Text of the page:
FIELD Issue 24 Editorial

Editorial | Spring 2023

I am pleased to introduce FIELD Issue #24 for Spring 2023. This issue has been guest edited by FIELD editorial collective members Primrose Paul and Laura Thompson. The issue presents a range of essays and interviews addressing the broader cultural impact of the Black Lives Matter movement (BLM) which emerged in the wake of the police killing of Trayvon Martin in 2012. BLM, and the broader cycle of protests catalyzed by the ongoing police killings of black Americans, inspired a range of new forms of cultural and artistic production/intervention over the past decade that span performance, site specific interventions, music and dance, as well as more conventional gallery-based practices. In this respect it recalls the innovative forms of cultural resistance generated by groups such as the NAACP as part of the anti-lynching movement of the early twentieth-century. As Moorfield Storey, the first president of the NAACP, wrote in 1922:

For Heaven’s sake, do not tell the negroes that their case is hopeless, that this great country cannot protect them from absolute wanton murder with the connivance and with the assistance of the officers appointed by law to defend them, and with absolute indifference on the part of the United States.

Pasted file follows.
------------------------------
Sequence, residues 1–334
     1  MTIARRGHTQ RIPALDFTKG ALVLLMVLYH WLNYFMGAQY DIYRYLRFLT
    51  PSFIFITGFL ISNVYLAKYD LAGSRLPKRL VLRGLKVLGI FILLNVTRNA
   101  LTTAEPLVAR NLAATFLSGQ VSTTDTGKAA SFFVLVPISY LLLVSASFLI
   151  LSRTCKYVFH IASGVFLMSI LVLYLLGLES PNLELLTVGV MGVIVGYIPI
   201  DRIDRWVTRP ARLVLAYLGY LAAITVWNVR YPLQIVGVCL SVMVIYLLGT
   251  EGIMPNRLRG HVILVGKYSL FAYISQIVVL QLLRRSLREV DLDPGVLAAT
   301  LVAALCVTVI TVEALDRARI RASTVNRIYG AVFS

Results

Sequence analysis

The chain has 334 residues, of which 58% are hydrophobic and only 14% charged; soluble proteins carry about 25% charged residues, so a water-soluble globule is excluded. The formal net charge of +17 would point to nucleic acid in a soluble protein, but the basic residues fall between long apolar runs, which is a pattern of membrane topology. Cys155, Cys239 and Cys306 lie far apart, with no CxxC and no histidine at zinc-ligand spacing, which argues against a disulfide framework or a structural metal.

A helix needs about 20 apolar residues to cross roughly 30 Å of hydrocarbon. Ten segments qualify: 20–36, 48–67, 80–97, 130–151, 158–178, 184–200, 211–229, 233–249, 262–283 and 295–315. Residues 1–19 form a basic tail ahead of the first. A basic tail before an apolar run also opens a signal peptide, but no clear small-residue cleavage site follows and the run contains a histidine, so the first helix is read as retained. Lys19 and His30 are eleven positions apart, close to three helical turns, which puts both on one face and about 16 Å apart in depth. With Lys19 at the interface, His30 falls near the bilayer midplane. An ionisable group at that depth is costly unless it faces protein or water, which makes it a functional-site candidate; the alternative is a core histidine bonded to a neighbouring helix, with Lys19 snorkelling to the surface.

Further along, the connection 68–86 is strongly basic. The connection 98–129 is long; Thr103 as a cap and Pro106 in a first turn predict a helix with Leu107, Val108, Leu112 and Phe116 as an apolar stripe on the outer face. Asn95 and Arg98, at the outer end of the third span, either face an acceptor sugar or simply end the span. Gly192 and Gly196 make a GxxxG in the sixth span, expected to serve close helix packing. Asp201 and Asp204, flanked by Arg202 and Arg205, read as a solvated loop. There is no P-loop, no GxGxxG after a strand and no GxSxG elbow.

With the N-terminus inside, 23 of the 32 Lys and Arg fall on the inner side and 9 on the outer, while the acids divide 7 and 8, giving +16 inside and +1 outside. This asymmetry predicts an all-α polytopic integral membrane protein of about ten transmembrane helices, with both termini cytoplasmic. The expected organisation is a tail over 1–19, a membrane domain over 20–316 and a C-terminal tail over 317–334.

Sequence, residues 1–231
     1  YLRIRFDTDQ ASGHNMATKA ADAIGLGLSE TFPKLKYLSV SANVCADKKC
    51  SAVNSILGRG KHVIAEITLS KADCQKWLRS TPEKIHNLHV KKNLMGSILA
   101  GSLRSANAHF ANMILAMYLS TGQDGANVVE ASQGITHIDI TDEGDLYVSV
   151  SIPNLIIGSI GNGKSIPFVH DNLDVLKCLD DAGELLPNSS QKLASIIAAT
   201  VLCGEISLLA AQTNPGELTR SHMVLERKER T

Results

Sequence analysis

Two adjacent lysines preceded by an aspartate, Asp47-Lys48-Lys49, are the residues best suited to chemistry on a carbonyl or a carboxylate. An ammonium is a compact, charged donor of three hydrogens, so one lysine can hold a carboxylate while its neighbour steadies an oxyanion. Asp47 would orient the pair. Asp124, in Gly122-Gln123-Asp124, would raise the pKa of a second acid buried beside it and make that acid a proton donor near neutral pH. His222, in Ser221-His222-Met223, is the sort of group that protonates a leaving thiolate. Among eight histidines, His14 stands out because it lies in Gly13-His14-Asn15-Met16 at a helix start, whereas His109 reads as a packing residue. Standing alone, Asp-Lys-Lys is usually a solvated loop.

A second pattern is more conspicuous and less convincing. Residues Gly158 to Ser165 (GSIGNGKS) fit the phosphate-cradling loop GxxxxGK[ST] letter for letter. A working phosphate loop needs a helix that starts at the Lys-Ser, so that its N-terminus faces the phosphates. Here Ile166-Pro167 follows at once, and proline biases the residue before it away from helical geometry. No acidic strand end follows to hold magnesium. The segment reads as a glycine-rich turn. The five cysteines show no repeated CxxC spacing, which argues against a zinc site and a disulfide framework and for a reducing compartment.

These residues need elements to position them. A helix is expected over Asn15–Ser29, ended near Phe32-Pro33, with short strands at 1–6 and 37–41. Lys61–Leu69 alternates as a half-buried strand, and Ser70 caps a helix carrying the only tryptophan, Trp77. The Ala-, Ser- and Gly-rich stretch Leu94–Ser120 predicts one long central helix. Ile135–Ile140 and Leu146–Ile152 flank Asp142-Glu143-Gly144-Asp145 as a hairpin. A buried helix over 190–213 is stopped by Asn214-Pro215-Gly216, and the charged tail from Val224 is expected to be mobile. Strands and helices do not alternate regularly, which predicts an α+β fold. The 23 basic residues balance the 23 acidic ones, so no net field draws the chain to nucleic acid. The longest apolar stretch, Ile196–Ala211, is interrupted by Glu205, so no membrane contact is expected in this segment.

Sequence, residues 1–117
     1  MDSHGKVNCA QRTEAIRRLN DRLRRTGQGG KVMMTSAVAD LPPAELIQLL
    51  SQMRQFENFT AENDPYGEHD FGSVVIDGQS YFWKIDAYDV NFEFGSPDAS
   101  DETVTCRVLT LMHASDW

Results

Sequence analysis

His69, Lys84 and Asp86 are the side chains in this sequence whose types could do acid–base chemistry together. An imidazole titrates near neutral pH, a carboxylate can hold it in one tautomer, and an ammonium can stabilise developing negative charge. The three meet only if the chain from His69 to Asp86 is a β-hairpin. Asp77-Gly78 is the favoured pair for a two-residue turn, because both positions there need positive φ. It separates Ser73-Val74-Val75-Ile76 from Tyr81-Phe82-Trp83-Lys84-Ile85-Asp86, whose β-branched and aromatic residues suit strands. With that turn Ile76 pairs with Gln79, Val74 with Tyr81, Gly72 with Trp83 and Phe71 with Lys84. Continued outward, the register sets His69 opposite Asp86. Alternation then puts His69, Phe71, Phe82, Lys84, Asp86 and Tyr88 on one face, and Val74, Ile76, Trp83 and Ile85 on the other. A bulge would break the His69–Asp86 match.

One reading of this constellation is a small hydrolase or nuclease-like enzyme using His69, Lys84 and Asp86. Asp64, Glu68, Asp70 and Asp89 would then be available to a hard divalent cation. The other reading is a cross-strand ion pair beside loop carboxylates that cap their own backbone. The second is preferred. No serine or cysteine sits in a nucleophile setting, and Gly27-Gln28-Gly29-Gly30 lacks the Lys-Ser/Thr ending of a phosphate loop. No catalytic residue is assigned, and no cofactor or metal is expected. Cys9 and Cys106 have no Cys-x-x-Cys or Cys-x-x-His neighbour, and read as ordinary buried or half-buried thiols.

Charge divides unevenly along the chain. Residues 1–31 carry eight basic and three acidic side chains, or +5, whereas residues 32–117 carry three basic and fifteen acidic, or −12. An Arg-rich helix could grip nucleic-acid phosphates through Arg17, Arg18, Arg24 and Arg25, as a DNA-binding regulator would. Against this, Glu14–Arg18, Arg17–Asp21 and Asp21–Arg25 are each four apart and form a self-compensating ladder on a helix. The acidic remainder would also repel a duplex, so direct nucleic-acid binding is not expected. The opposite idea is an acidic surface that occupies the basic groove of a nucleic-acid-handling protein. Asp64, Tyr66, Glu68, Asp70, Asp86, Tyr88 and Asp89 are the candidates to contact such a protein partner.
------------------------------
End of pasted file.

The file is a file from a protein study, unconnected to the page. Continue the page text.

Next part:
Sadly, little has changed over the past century, but these practices, and the broader social movement that inspired them, exemplify that optimism of the will that Gramsci evoked as the necessary condition for real change. This issue provides a representative sampling of this rich body of work. The essays include Bria Dinkins (former FIELD editorial collective member) examining the complex constellation of creative and critical meaning generated by protests directed against public monuments designed to reinforce racial subjugation (such as the Robert E. Lee statue in Richmond), Primrose Paul’s study of Afro Futurism as an emancipatory form of cultural resistance in the work of Omoruyi Eghosa, Emmanuel Massillon, and Sam Onche and Bellara Huang’s analysis of Almagul Menlibayeva’s AI Realism series, which explores the use of AI-assisted montage as a de-colonial practice, and Laura Thompson’s introductory text, which provides an overview of the development of this issue and the central themes explored by our contributors. This issue also features a set of four interviews with leading activists and artists by Laura Thompson. These include interviews with Shamell Bell, a key scholar and performer in the emerging area of dance activism, Leesa Kelly, the founder of Memorialize the Movement, which emerged in Minneapolis in 2020 following the murder of George Floyd by the police, the members of HomeWorks: Bronzeville, a collective that works to contribute to positive economic and cultural growth in the historically black Bronzeville neighborhood of Milwaukee, and the Million Artist Movement, which develops activist and community engagement projects in Minneapolis. I want to express my special gratitude to Laura and Primrose for all of the work they’ve put into this remarkable issue, as well as the contributors who so generously offered their time and insight to its creation.